It is not surprising that Jewish mystics understood
this holiday as the grand culmination of the unification of the sefirot
of Tiferet and Malkhut. Shavuot is celebrated, according to
the Bible, on one day, as opposed to the other pilgrimage festivals, Sukkot
and Pesah (each of which last seven days). Jewish mystics explain that this
anomaly is due to the fact that on Shavuot there is complete unity whereas
on the other festivals there is merely anticipation of unity. The result of
the divine unity achieved on Shavuot is God's revelation of the Torah to Moses
and the Jewish people.
According to Jewish theology God revealed to Moses
all of the Torah, including details of events that had not occurred. All this
he then faithfully transcribed in writing. At the same time, according to legend,
God revealed to Moses the interpretations and hidden meanings of the Torah.
According to tradition these insights, called the Oral Torah (Torah she-be-al
peh) became the basis of the collected wisdom of the ages. They were transmitted
faithfully from master to disciple as the authoritative companion to the Written
Torah (Torah she-be-khtav). Jewish mystics claim that mystical insight
is embedded in the Oral Law and can be extracted only by those initiated into
the teachings of the mystical tradition.
Because Shavuot is a paradigm of unity, the Jewish mystics invented special
rituals to be practiced on this day. In the guise of ancient custom, the Zohar,
for example, introduced the practice of "Creating Perfection on the Night of
Shavuot" (tikkun leil Shavuot), studying selections from the Oral Torah.
In mystical symbolism, the Written Torah is associated with Tiferet and
the Oral Torah is linked with Malkhut. The tikkun ritual is designed
to hasten the divine marriage by joining Tiferet and Malkhut.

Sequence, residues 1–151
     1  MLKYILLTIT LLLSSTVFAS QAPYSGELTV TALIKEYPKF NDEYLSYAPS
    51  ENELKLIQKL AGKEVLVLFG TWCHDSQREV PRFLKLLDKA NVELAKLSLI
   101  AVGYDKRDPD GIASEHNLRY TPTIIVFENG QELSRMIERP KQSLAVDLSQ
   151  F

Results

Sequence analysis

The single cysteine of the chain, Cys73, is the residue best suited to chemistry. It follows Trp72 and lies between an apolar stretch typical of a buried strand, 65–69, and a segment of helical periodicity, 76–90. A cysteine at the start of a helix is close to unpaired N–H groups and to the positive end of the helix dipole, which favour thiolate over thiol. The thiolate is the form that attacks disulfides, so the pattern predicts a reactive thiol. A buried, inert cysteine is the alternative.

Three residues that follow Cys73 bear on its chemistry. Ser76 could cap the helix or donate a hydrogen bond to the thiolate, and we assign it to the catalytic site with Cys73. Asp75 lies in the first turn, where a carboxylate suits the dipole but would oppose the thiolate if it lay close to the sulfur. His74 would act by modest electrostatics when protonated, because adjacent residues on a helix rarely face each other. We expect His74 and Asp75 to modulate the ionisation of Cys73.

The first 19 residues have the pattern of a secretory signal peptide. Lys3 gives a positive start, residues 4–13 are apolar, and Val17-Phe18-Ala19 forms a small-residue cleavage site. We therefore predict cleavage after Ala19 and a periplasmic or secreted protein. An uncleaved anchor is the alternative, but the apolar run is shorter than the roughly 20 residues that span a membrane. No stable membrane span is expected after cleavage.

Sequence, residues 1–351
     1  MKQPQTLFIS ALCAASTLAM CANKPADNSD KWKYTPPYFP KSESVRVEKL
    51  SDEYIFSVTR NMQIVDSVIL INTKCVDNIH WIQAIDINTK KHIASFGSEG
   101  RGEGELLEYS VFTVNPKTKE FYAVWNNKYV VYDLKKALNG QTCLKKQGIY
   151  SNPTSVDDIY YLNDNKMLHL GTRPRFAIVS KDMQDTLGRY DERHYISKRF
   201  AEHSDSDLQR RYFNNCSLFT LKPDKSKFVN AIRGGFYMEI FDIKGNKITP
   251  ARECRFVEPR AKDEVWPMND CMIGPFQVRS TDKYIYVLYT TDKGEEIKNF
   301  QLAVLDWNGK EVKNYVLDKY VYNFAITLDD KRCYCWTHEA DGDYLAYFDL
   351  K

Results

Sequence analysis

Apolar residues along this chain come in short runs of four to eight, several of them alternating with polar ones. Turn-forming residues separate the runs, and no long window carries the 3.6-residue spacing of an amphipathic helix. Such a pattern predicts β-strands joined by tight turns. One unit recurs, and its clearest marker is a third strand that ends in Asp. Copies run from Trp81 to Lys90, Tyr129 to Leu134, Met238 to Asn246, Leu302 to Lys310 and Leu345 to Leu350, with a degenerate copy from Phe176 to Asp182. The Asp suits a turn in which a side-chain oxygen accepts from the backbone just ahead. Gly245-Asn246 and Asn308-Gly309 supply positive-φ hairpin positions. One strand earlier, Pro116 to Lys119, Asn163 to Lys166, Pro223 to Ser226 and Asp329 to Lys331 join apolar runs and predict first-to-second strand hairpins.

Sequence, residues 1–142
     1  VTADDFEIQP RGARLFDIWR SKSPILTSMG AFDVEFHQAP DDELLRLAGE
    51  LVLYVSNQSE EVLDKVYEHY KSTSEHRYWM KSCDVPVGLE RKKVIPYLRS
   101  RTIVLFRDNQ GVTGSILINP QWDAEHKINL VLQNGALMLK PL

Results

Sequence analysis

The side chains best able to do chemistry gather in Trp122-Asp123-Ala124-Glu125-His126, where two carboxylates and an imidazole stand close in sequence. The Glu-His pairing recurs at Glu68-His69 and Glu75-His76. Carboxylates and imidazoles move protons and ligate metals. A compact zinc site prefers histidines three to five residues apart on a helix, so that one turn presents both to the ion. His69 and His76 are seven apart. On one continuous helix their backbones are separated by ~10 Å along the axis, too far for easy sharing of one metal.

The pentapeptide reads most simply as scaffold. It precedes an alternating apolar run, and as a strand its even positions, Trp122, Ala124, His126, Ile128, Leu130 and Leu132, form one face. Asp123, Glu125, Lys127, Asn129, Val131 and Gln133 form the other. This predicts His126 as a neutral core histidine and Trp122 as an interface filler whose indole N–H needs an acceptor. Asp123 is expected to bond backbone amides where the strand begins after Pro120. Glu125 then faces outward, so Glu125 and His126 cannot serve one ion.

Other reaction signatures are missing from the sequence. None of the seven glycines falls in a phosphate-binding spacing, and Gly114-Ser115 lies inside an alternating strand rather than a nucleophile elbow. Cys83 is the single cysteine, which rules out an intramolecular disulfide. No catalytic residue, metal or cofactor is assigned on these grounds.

The Written Torah is read during the daytime service of Shavuot. The Oral Torah
is studied intensely the night before as a means to prepare the bride, Malkhut,
or the Oral Torah, for her wedding in the morning. The ritual of tikkun leil
Shavuot is conducted from midnight to dawn, the time when Malkhut
predominates. Thus, the marriage ceremony between Tiferet and Malkhut
is considered complete when the written Torah is read during the morning service.
Rabbi Shimeon used to sit and learn Torah at
night when the bride joined with her spouse. It is taught: The members of
the bride's entourage are obligated to stay with her throughout the night
before her wedding with her spouse to rejoice with her in those perfections
(tikkunim) by which she is made perfect. [They should] learn Torah,
Prophets and Writings, homilies on the verses and the secrets of wisdom, for
these are her perfections and adornments. She enters with her bridesmaids
and stands above those who study, for she is readied by them and rejoices
in them all the night. On the morrow, she enters the canopy with them and
they are her entourage. When she enters the canopy, the Holy One, blessed
be He, asks about them, blesses them, crowns them with the bride's adornments.
Blessed is their destiny.
In many Sephardic congregations,
prior to the Torah reading on the first day of Shavuot, a ketubbah le-Shavuot
(marriage certificate for Shavuot) is read, as
a symbolic betrothal of God and His people Israel.